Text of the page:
Wouldn't all companies love it if their customers paid invoices on time? There would be no need to ever chase debts and worries about cash flow would be a thing of the past. However in all likelihood we'll never reach this debt free utopia.
Businesses can invoice clients early, wait patiently for payment, send chase emails and hope that payment will someday finally arrive.
But sometimes those polite little reminders, copy invoices and monthly statements are just not enough to deal with those customers who are adamant they are not paying.
So what can you do to ensure your business is paid the money it is owed?
Choosing how and when you need to take formal action can be difficult and there are a few informal options at your disposal before starting legal action. After all, the last thing you want to do is spend time and money going to court for every invoice that is overdue by a few days.
But when you've exhausted the chasing letters and phone calls, we wanted to share our experiences and tips on how to collect debt from a customer, starting with establishing your legal position on the debt.
Evidence needed to prove a debt recovery claim.
While the vast majority of business debts won't require court action, it is important to establish your legal position and understand how to collect a debt legally.
In order to take a debt claim to court, you need to have some kind of evidence that the debt amount you wish to claim is due. In most cases your invoice and a letter before action will suffice, however generally your evidence should include:
Without the above evidence, your legal position may be considered weak regardless of how you intend to pursue the debt.
If the customer disputes the money is owed, for example because they believe the goods were faulty, you may need to take steps to investigate and resolve the business dispute before proceeding with debt action.
Should you get an agency or solicitor to collect a debt, or do it yourself?
Informal actions such as sending overdue notices, emailing the debtor's accounts team and speaking directly about payment should all be attempted before you begin seeking assistance with recovering the debt.
But once you do decide to go down a more formal route to secure a payment you have a few options:
Option 1 - Submit a debt claim yourself
To make a court claim on your own you can use the HMCTS Money Claim Online service. It offers a process to recover the money your business is owed by walking you through the submission of an online claim and paying a court fee.
You need to be aware that these are court proceedings and so you should familiarise yourself with the 'pre action' rules along with what happens should you win your claim and receive a judgment. Ensure you read the associated Money Claim Online User Guide thoroughly before starting the claim process.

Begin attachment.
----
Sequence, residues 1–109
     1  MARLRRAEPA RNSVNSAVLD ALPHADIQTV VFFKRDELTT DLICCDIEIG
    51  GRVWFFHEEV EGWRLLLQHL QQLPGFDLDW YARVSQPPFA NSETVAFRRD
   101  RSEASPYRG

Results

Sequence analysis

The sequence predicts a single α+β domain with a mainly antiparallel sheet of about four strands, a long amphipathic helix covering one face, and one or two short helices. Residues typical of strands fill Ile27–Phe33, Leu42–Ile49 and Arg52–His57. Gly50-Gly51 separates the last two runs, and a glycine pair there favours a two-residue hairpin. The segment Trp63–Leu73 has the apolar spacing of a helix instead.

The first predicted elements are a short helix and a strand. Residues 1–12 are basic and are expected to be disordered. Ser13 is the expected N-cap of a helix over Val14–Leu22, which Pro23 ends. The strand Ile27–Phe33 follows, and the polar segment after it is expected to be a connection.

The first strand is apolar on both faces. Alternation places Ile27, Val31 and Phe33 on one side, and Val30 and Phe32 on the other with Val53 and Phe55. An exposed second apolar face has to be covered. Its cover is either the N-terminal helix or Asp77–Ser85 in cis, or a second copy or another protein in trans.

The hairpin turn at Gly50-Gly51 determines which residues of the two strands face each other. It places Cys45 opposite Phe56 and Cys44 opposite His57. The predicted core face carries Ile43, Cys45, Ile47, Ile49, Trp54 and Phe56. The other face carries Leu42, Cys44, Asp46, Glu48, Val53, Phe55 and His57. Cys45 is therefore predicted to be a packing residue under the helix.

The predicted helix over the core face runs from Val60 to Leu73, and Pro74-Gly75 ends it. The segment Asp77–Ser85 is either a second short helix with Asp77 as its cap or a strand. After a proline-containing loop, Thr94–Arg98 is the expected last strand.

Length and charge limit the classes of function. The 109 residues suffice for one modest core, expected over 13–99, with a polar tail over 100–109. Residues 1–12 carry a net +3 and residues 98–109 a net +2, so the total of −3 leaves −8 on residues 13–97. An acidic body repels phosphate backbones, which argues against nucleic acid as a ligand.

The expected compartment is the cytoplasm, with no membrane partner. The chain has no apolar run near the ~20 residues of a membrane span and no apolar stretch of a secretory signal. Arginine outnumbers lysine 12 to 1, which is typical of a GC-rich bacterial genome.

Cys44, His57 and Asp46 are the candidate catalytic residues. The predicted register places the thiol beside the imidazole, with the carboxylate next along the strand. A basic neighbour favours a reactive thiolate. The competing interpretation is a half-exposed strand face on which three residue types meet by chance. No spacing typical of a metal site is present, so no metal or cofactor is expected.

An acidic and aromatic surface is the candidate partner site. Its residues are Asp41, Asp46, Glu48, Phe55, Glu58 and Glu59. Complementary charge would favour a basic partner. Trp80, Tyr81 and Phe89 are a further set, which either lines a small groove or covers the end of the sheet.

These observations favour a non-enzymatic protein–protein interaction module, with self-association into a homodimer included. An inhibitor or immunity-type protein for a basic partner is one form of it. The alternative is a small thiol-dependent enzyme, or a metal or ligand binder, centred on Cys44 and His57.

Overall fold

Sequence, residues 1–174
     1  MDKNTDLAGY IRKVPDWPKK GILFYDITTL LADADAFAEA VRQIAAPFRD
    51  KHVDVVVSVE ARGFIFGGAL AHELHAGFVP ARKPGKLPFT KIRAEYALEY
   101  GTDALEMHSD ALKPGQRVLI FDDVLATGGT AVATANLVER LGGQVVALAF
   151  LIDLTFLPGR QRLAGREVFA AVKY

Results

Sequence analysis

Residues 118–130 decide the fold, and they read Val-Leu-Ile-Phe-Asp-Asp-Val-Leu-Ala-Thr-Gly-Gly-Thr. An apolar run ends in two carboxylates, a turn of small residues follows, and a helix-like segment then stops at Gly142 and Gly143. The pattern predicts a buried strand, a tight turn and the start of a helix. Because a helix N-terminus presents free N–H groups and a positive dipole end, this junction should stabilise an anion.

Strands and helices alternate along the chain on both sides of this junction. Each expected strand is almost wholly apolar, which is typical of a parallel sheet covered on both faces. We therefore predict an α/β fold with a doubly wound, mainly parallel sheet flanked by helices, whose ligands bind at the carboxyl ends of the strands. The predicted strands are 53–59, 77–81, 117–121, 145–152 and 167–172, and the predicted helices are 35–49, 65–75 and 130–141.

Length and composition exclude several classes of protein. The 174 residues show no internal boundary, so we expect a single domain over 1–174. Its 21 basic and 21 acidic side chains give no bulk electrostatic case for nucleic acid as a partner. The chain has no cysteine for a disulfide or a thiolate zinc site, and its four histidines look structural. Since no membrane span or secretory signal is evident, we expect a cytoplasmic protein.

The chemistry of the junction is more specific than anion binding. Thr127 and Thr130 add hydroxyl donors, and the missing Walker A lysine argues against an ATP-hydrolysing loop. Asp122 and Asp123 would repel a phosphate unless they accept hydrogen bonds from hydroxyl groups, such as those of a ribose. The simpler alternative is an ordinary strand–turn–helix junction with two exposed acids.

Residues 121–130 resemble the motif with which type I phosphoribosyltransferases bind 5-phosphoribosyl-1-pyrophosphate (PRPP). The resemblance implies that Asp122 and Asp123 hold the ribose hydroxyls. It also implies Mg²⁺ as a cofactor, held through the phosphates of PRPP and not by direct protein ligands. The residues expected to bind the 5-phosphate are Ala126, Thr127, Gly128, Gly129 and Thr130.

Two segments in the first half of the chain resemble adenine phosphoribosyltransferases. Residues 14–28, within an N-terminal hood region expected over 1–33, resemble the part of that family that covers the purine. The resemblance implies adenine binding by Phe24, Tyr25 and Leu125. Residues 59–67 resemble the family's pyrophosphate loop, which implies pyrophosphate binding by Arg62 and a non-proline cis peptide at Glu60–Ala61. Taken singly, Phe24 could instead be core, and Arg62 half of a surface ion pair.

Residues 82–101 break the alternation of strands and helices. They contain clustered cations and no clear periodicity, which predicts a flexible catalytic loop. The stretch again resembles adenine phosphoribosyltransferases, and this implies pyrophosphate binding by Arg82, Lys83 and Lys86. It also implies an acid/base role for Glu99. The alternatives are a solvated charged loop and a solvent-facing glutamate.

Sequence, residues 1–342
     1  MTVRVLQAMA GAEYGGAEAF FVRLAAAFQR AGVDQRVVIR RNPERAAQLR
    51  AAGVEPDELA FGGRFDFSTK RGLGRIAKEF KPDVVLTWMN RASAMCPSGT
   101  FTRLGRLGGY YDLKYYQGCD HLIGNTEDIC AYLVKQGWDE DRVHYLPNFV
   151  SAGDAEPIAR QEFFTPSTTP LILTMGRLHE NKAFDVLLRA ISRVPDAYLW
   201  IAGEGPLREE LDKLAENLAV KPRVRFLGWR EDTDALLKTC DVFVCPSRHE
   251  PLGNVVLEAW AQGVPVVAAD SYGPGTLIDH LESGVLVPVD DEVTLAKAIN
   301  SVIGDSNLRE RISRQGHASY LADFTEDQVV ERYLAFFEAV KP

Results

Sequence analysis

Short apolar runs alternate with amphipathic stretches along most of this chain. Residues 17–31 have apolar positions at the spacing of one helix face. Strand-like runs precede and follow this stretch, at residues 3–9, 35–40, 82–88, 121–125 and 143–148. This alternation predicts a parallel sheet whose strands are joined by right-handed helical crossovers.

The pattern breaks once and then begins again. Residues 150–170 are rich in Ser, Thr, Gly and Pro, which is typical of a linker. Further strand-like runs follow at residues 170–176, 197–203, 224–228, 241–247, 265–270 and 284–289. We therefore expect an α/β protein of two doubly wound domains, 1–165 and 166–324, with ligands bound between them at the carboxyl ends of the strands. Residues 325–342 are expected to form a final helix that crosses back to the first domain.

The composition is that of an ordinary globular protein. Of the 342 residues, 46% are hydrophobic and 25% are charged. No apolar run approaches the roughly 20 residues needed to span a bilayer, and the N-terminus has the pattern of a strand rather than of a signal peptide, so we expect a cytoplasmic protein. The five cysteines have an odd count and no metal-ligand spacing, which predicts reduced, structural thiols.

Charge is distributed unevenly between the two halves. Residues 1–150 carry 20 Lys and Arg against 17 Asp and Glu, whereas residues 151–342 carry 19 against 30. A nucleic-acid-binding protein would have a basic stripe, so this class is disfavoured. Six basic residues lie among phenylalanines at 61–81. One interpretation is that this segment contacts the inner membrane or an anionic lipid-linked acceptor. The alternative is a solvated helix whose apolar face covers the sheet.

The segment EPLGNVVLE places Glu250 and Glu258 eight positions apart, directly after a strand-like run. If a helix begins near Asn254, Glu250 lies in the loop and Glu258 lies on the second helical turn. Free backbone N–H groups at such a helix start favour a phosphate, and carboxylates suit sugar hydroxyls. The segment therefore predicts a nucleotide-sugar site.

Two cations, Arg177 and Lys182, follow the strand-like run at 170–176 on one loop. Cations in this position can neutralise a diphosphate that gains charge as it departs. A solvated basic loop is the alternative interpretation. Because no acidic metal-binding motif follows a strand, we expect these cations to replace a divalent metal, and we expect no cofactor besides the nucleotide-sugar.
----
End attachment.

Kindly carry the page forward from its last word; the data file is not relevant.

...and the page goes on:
Option 2 - Hire a debt collector
When you hire a debt collection agency they will start chasing the debt and in some scenarios begin the legal process to recover it through the courts. You should bear in mind that debt collection agencies don't have any special legal powers beyond what you can do yourself. Generally a debt collection agent will also take a proportion of any debt that they are successful in collecting to cover their fees.
Option 3 - Instruct Debt Recovery Solicitors
A Solicitor should provide some general advice on the process and your prospects along with a fixed fee of what they will charge. If their fees are more than the money you are seeking from your customer, then you'll be better going with another route. However experienced debt recovery solicitors should have a fee structure which complements the amount you are wishing to recover and the complexity of the issue (i.e. it will be more complicated if the debtor defends the claim or disputes the debt being owed).
In the majority of debt recovery claims, the initial solicitor's 'Letter Before Action' often does the trick and the customer will opt to pay their bill rather than face court proceedings from a law firm.
If court action is needed a solicitor can explain the risks and advise on items such as recovering court fees and any statutory late payment charge that can be made. For example, interest may be able to claimed on top of the debt (usually 8% above base rate) via the Late Payment of Commercial Debts Act.
You may feel bad 'hounding' a customer about paying their debt or even getting a solicitor involved, but you shouldn't. You did your job and it is not your fault they have failed to pay you in a timely manner.
Being understanding to your customers while knowing your legal rights is what all responsible businesses should aim for.